Persons in power and authority, more especially, may learn their duty from the words of the Psalmist, particularly addressed to them. Defend the poor and fatherless: do justice to the afflicted and needy: deliver the poor and needy: rid them out of the hand of the wicked* And every righteous man is incited and encouraged to the performance of this duty, by the blessing which is bestowed upon it. Blessed is he that considereth the poor; the Lord will deliver him in time of trouble.\

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I. Timothy vi. 17—19.

Charge Them That Are Rich In This World That They Be Not High-minded, Nor Trust In UncerTain Riches, But In The Living God, Who Giveth Us Richly All Things To Enjoy; That They Do Good, That They Be Rich In Good Works, Ready To Distribute, Willing To Communicate; Laying Up In Store For Themselves A Good Foundation Against The Time To Come, That They May Lay Hold On Eternal Life.

The zealous advocates for doctrinal truth are very apt to overlook the preceptive part of the Gospel. Many such persons suppose that they are released from the law of God as a rule of duty, by the dispensation of Divine grace. They consider the preaching of moral and religious duties as legal, and that the design of such preaching is to establish justification by the works of the law, and to subvert the doctrine of justification by faith. Now this is a great and manifest error; for if it were true, it would prove that our Lord himself was a legal preacher in his sermon on the Mount, and his Apostles also in various passages of their Acts and Epistles, especially the Apostle St. Paul, in the words of the text.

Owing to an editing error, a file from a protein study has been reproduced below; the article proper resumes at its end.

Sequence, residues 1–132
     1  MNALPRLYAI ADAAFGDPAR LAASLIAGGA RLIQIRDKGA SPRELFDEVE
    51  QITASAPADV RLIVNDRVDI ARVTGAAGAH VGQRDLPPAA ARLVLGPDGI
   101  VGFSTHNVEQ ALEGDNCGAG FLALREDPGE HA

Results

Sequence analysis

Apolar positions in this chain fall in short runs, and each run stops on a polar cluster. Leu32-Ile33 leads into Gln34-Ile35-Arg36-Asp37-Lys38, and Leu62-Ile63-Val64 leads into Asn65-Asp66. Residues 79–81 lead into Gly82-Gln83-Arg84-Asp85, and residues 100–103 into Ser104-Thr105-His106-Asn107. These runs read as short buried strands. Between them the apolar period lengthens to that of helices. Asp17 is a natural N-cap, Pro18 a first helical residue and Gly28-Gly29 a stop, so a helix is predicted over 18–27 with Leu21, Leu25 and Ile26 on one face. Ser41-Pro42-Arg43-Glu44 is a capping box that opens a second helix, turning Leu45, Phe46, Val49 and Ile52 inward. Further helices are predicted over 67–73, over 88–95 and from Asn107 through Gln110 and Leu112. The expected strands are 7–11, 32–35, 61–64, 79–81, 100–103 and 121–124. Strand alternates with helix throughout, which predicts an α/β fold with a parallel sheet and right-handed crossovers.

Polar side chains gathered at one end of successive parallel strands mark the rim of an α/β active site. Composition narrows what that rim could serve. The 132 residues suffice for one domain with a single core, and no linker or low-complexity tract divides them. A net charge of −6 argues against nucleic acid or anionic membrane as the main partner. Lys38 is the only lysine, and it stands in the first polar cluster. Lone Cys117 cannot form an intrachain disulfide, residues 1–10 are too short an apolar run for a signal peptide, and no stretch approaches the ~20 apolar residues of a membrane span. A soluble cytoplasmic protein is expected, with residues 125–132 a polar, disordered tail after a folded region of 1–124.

That some persons may insist too often and too much on the precepts of the moral law, to the exclusion of the doctrines of the Gospel, cannot be denied; and the true system of the Christian religion is to unite both these considerations together. The end of all useful speculation is practice. The use of all religious truth is to regulate the actions of rational and intelligent beings, and to teach us upon what principles we ought to act When we find the Apostle Paul maintaining the permanent duty of Christian charity, we must be rigid in maintaining the same doctrine. Now abideth faith, hope, charitythese three; but the greatest of these is charity.* So likewise in the words of the text addressed to Timothy, we should form a very wrong opinion of this duty, and act in a very wrong manner, if we either thought or acted as Christians in a different way. Charge them that are rich in this world that they be not high-minded, nor trust in uncertain riches, but in the living God, who giveth us richly all things to enjoy; that they do good, that they be rich in good works, ready to distribute, willing to communicate; laying up in store for t/iemselves a good foundation against t/te time to come, that they may lay hold on eternal life.

* 1 Cor. xiii. 13.